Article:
In a speech in Chicago on the US economic outlook, Mr Powell said the labour market appeared close to full employment. It was his first speech on the economic outlook since taking over as chairman on February 5.
Stocks already were sharply lower before the comments following US President Donald Trump's latest tariff threat late Thursday on Chinese imports, which revived fears of a trade war between the two countries.
"The market wouldn't be acting nearly as negative to all the news in general if it would not be in a vulnerable state already," said Jim Paulsen, chief investment strategist at The Leuthold Group in Minneapolis.
"It's got higher values, financial liquidity is contracting, you came into the year with a little too much optimism, you got rising rates going on, you got rising inflation fears," he said.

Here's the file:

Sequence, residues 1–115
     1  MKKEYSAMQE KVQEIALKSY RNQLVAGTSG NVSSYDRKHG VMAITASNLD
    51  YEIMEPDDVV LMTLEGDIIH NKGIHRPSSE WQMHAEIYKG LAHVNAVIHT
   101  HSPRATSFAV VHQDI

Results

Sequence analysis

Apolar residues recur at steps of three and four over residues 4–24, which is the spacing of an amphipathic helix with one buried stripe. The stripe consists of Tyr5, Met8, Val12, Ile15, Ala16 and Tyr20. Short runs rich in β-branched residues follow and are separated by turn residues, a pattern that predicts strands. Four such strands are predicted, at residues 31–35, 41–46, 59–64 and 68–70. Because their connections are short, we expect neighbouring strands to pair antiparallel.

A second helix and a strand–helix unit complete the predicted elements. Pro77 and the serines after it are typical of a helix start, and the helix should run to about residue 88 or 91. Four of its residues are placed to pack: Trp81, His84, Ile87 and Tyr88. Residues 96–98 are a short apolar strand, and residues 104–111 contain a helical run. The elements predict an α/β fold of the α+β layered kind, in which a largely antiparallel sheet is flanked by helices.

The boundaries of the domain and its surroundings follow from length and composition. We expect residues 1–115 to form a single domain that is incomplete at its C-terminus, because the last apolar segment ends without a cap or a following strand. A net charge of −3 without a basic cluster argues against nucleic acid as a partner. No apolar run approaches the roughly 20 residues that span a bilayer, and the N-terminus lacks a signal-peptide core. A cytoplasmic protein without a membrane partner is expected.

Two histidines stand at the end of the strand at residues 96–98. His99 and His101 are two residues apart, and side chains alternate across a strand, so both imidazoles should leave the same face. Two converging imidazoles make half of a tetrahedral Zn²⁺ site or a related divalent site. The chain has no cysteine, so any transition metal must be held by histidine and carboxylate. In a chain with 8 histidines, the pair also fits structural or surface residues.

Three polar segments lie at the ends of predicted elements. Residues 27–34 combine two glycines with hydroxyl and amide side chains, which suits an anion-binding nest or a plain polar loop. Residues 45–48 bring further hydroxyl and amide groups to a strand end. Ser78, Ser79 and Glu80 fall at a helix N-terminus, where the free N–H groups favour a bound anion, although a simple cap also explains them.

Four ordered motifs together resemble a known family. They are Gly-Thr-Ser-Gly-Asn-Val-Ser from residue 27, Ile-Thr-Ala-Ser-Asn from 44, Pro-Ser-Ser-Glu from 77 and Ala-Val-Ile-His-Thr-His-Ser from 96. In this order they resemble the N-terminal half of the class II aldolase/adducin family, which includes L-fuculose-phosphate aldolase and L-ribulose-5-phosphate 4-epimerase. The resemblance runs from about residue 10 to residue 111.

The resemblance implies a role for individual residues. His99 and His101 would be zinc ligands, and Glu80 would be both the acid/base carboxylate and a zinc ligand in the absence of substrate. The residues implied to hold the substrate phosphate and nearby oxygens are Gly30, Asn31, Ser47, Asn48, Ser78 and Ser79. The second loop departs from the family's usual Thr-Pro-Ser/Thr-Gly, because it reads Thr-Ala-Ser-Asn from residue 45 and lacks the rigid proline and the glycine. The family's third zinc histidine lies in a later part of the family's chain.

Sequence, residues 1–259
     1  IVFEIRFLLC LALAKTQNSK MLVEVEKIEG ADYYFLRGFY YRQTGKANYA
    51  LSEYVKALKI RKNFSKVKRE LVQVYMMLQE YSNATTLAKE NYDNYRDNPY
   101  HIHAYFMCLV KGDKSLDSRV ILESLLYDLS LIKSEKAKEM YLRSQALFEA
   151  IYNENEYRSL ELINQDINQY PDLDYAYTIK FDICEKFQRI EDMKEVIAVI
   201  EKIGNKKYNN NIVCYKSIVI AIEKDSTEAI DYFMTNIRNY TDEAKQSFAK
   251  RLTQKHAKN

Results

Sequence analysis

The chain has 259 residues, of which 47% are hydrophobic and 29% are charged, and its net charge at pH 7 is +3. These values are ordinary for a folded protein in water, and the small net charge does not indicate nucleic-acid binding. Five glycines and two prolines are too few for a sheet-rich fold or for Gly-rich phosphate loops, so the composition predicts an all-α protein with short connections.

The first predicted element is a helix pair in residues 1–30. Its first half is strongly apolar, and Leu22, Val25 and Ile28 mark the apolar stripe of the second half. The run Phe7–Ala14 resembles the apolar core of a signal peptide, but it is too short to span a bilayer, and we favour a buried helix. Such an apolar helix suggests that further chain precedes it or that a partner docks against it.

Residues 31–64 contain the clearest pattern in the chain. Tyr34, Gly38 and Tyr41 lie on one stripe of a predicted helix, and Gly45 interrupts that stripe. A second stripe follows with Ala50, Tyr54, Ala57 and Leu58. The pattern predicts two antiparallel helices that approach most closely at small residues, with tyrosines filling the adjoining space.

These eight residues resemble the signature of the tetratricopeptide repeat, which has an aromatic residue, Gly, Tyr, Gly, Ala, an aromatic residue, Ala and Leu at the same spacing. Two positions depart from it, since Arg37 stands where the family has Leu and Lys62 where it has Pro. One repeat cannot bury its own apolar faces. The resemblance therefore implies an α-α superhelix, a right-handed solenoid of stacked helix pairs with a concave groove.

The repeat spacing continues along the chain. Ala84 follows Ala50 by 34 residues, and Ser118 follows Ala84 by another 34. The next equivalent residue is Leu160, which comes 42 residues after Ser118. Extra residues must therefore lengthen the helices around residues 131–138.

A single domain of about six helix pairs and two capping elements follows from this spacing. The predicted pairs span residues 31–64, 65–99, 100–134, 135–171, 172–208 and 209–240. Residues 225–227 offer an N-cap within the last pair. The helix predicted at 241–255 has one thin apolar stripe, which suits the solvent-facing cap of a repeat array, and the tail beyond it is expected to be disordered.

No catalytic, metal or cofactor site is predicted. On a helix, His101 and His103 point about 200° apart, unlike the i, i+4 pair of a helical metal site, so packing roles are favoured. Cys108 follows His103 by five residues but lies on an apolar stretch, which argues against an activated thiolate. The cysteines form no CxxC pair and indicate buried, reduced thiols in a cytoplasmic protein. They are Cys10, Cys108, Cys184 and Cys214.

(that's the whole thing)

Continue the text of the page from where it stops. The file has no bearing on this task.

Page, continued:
Mr Trump threatened to slap $100 billion more in tariffs on Chinese imports, while Beijing said it was fully prepared to respond with a "fierce counter strike".
The Dow Jones Industrial Average fell 565.49 points, or 2.31 per cent, to 23,939.73, the S&P 500 lost 53.08 points, or 1.99 per cent, to 2,609.76 and the Nasdaq Composite dropped 134.34 points, or 1.9 per cent, to 6,942.21.
Fears of a trade war since Mr Trump announced tariffs on steel and aluminium imports more than a month ago have kept investors on edge over concerns that such protectionist measures would hit global economic growth.
"It's a reaction to concerns about the administration's approach to trade. The market has vacillated between writing it off as just talk and assuming there could be a serious problem," said Rick Meckler, president of investment firm LibertyView Capital Management in Jersey City, New Jersey.
Before the session started, a Labor Department report showed nonfarm payrolls increased by a smaller-than-expected 103,000 last month. While annual growth in average hourly earnings rose to 2.7 per cent, it stayed below the 3 per cent that economists estimate is needed to lift inflation toward the Federal Reserve's 2 per cent target.
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